Perhaps the most traditional of the Costa Del Sol’s seaside resort, as well as chic shopping arcades and the glitzy marina, Estepona has retained much of its history, with a mixture of Roman, Arabic and Phoenician influences to be found here.

Once a tiny fishing village, today’s Fuengirola is a bustling resort. Yet for all its modern day popularity, it contains numerous charming reminders of its fascinating history, in structures such as the Roman Temple façade and the impressive Castle Sohail.

To appreciate the charm of old Andalusia, simply drive up in the mountains to the ‘white village’ of Mijas. It is endlessly picturesque, with narrow cobbled streets that you could stroll around forever, and a number of very good art and craft shops to explore.

One of the lesser-known resorts on the Costa del Sol, Benalmadena offers a host of charming attractions, including the lovely landscaped gardens of Paloma Park and the nearby cable car that opens up the summit of Mount Calamorro.

Great for younger kids

Biopark Fuengirola
This delightful zoo aims to be a whole new kind of zoo experience, for the animals as well as for visitors. Great thought has been given to creating an immersive experience here, with animals enjoying extremely natural habitats.

Sea Life Banalmadena
An enjoyable aquarium experience that lets young visitors learn about the species they see here, from the great sea sharks to turtles and urchins. They can also learn about – and touch – the gentler inhabitants such as starfish and crabs.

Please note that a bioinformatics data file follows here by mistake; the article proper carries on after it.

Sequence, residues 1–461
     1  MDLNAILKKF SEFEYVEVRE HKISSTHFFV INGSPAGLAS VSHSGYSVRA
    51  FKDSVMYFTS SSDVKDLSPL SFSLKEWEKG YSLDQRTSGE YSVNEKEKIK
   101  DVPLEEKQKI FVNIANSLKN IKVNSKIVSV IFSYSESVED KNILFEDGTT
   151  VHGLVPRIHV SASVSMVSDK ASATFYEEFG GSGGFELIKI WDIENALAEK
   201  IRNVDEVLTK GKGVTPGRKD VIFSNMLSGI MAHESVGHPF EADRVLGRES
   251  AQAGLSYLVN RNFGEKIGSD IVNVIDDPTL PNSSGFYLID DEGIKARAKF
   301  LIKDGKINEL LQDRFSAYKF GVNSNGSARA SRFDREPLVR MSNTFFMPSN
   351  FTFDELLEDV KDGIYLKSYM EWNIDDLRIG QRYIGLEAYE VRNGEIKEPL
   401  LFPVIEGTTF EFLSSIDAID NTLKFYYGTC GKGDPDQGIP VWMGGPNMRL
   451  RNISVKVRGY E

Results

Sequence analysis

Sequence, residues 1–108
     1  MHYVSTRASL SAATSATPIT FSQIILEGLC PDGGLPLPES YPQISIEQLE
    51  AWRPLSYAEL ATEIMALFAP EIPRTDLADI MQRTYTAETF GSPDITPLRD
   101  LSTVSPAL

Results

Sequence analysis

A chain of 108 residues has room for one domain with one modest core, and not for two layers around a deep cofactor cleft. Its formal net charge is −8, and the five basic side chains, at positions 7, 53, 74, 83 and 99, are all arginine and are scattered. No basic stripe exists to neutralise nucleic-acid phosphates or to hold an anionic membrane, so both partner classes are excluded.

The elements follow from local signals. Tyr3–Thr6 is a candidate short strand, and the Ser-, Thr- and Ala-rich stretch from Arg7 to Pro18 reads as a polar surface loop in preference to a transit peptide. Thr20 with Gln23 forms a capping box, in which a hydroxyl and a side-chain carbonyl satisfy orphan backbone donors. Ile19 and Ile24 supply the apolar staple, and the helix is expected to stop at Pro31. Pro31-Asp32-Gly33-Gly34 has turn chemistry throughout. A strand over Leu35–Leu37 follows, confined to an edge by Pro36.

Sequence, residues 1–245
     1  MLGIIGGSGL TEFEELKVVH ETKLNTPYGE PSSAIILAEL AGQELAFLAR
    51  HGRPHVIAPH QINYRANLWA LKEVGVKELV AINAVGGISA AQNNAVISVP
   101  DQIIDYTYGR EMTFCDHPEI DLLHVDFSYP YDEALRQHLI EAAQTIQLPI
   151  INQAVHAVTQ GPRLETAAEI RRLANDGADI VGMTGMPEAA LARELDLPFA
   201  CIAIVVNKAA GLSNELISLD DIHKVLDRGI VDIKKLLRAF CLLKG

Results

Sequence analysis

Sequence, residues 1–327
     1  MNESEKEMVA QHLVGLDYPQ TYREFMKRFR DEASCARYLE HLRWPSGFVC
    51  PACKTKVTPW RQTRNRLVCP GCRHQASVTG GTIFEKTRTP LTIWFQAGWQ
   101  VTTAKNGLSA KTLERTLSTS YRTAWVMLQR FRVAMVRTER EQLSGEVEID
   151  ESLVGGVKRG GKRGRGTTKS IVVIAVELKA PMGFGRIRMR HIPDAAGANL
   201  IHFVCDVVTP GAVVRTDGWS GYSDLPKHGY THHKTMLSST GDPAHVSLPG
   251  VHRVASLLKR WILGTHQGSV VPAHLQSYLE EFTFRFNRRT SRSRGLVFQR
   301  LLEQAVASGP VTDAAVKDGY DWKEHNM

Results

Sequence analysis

Great for older kids

Aqualand Torremolinos
The largest aqua park on the entire coast, Aqualand combines a range of pools with numerous high adventure rapids and slides, including the terrifying Black Hole and the unique Boomerang. Also offers an 18-hole mini-golf course.

Cocodrilos Park
With more than 300 crocodiles spread across eight lakes, this is one of the most spectacular crocodile parks in Europe. Have your picture taken with a baby croc, or simply enjoy seeing Big Daddy, the largest croc in Europe, from a very safe distance.

Places to visit - Activities & events

The ancient game is almost synonymous with the Costa Del Sol, which is hardly surprising when you consider the 70 courses and endless sunshine you will find here. Just make sure you pack the sun cream along with your sand wedge.

River Walking
While there are many places to walk and hike here, river walking at Ronda is highly recommended, as it enables you to discover many of the deep gorges and river caves that abound here.

Horse riding
There are equestrian centres all across the Costa del Sol, particularly in the Marbella and Estepona areas, where you can opt for horse riding courses, or the chance to join organised treks out in the wonderful countryside.